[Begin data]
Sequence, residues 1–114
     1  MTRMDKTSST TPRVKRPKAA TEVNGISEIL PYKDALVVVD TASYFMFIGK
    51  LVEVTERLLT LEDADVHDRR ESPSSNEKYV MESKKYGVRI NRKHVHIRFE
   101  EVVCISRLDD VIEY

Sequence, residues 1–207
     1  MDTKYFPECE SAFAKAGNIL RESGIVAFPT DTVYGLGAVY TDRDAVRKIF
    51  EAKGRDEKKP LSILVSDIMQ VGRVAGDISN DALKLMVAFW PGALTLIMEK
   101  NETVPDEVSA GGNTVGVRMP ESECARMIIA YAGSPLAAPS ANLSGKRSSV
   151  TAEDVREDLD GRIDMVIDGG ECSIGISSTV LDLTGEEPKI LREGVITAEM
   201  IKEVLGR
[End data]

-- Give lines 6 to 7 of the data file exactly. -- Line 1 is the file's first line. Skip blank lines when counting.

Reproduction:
     1  MDTKYFPECE SAFAKAGNIL RESGIVAFPT DTVYGLGAVY TDRDAVRKIF
    51  EAKGRDEKKP LSILVSDIMQ VGRVAGDISN DALKLMVAFW PGALTLIMEK